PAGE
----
KARACHI: With recent approval from the Sindh cabinet for procurement of 7,000 pistols for police, authorities at the helm of affairs are confident that the force in Karachi will be equipped with handguns completely replacing the decades-old practice of carrying AK-47 assault rifles.

The move came amid growing security challenges, which made it necessary to use effective and easy-to-handle firearms in urban policing against organised criminal gangs and militant outfits.

The officials said the decision was part of departmental reforms pledged by Sindh Inspector General of Police Mushtaq Ahmed Mahar in the aftermath of collateral damages during recent encounters and growing complaints of street crime mainly in Karachi. The situation not only led to the loss of precious lives, but also raised questions over professionalism and policing skills of the law enforcement agency.

Handguns being provided after some passers-by caught in crossfire due to bullets fired from policemen’s AK-47 rifles

“We have been procuring these pistols for a while and this approval is I think third of its kind. After the approval, 7,000 pieces will arrive but we would need another or two such consignments for Karachi force. We hope within a year we would replace AK-47 rifles the Karachi force has been using with pistols,” a top-ranking official said.

New challenge

While the recent surge in street crime emerging as a new challenge for the Karachi police, the professional excellence, training and expertise in use of assault rifles in urban policing always remain in question for the law enforcement agency.

In August 2018 11-year-old Amal Umer was shot at and killed in the crossfire between police and robbers in DHA. Later, an inquiry proved that it was the bullet of a policeman’s assault rifle that took the girl’s life.

The very next year, a third-year medical student Nimra Baig met the same fate in North Karachi when she was caught in the crossfire between armed bandits and local policemen while going home with her elder brother on motorcycle.

“The Sindh police chief has issued new guidelines for reforms in overall policing and directed officers to ensure their prompt implementation,” said the official. “The fresh set of instructions has directly come from the top authorities involving several measures that include regular firing exercises, deployment of young policemen at public places and replacement of old fleet of vehicles with new ones.”

The measures include acquisition of 9mm pistols to be given to the operational force in Karachi, the official said, adding: “It is a principled decision that the conventional weapons, which have been in use of police force for the past two decades, will gradually be replaced with their improved versions. Cities like Karachi have become heavily weaponised over the years and the old weapons are becoming ineffective in such a situation.”

There was a belief in the police hierarchy that apart from lack of professionalism and policing skills, the arms currently in use were not easy to handle and unfit for the security environment of Karachi, he added.

At present, the official said, the city police were using sub-machine guns (calibre 7.62mm), AK-47 assault rifles, commonly known as Kalashnikov, and G-3 rifles. Similarly, 9mm metric calibre SMGs of MP-5 were also in use of some police units, he added.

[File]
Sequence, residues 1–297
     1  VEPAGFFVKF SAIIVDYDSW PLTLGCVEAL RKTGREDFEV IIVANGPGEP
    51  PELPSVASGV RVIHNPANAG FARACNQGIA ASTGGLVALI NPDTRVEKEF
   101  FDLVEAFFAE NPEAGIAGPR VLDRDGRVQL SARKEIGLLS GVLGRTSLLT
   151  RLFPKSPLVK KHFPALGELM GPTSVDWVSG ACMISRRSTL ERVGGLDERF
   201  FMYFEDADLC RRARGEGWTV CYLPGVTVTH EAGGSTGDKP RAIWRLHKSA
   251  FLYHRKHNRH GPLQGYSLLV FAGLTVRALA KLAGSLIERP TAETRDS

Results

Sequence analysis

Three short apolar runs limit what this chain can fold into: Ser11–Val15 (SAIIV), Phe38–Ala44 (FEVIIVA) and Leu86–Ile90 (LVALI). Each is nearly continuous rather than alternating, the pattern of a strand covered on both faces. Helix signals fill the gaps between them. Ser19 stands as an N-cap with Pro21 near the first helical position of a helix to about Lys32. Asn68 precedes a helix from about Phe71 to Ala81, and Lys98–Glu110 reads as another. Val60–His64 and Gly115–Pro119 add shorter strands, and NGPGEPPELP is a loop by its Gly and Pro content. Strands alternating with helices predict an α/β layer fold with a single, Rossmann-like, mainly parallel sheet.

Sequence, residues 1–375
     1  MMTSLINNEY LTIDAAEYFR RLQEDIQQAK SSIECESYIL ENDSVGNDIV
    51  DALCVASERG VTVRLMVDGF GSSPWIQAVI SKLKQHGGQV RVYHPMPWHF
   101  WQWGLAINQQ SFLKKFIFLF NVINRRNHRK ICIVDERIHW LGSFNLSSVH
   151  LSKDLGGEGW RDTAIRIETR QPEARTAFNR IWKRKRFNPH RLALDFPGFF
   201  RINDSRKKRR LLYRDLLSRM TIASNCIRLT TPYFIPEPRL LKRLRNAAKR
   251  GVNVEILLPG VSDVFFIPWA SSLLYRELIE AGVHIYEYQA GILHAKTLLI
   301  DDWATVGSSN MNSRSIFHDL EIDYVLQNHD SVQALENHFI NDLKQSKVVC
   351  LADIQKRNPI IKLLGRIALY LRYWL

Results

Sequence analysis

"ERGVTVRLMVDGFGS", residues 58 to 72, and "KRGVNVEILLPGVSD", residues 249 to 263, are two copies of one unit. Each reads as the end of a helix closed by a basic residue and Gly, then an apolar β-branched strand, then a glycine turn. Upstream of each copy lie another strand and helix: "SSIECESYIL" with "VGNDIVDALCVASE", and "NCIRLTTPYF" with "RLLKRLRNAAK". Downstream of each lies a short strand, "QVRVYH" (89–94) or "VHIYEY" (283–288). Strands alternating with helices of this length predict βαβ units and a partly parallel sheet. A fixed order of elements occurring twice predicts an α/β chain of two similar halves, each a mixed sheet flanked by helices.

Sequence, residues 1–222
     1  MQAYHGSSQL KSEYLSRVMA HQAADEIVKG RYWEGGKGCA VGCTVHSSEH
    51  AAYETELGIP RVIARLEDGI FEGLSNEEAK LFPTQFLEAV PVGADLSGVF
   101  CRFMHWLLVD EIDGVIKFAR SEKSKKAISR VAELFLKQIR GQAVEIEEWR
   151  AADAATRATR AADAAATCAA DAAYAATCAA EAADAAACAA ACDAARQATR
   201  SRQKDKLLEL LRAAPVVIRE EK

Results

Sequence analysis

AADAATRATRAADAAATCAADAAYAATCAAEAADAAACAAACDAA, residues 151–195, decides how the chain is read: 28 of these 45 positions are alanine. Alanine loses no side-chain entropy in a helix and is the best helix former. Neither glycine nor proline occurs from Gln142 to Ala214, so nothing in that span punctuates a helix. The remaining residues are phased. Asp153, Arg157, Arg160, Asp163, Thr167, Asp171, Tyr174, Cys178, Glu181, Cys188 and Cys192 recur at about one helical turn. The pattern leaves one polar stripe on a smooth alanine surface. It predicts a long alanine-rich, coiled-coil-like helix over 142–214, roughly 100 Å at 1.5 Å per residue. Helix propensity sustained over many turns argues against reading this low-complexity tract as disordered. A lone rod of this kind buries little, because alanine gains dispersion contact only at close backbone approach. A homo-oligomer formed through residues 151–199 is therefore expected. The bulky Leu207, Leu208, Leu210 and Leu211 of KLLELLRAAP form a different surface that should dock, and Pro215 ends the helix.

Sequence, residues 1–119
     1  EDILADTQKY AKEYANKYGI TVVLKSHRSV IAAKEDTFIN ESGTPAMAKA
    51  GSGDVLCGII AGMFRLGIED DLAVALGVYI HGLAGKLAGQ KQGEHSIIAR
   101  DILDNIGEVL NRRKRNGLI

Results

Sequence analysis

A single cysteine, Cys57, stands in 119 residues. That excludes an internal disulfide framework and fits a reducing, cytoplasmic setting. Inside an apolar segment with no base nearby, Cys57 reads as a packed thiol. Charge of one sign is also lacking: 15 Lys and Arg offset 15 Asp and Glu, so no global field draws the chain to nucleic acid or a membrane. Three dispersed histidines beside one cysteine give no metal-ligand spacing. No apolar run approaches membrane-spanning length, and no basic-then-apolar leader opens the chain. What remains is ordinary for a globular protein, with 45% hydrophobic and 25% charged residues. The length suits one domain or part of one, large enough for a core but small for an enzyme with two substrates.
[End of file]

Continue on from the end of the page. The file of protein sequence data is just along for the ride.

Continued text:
Retired military officers had also been helping the Sindh police over the past couple of years to choose and use the kind of guns needed for policing in Karachi hence the plan for procurement of small arms, he said.

The Karachi police backed by Sindh Rangers have taken on threats ranging from terrorist attacks to deadly battles with gangsters, street criminals and hitmen associated with political groups and succeeded to a certain degree in improving the city’s security environment.

Street crime major challenge

Peace has returned to residential and commercial areas after years of bloodshed on sectarian, ethnic and political grounds following the targeted operation launched in September 2013 by authorities.

Still, street crime remains a major challenge for the law enforcement agencies and police authorities are pledging that the reforms being introduced would ultimately have a positive effect on the performance of the law enforcement agency.

“The recently launched street watch force is also made to fight increasing street crime,” he said.

“You would have already started noticing that in a few areas policemen have been carrying small weapons like 9mm pistols and not AK-47 assault rifles. New inductees, after their passing-out ceremony, are being armed with 9mm pistols,” he said.

Published in Dawn, January 26th, 2022

Opinion

Editorial

27 May, 2022

After the march

FORMER prime minister Imran Khan either ‘ran away’ from Islamabad or made a temporary, strategic retreat. It...
A tough decision
Updated 27 May, 2022

A tough decision

Decision to raise fuel prices will remove a major hitch of concluding a staff-level agreement with IMF.
27 May, 2022

Xinjiang files

QUESTIONS about the status of the Muslim Uighur people in China’s Xinjiang autonomous region often arise, with...
Dark days
Updated 26 May, 2022

Dark days

The PTI, on its part, does not seem to have been prepared to face such a large deployment of state machinery.
26 May, 2022

No room for dissent

WHILE political turmoil roils the land, a number of incidents over the past few days have demonstrated that though...
26 May, 2022

Harassing passengers

REPORTS of the confiscation of personal items from passengers’ private luggage by customs officials at Karachi’s...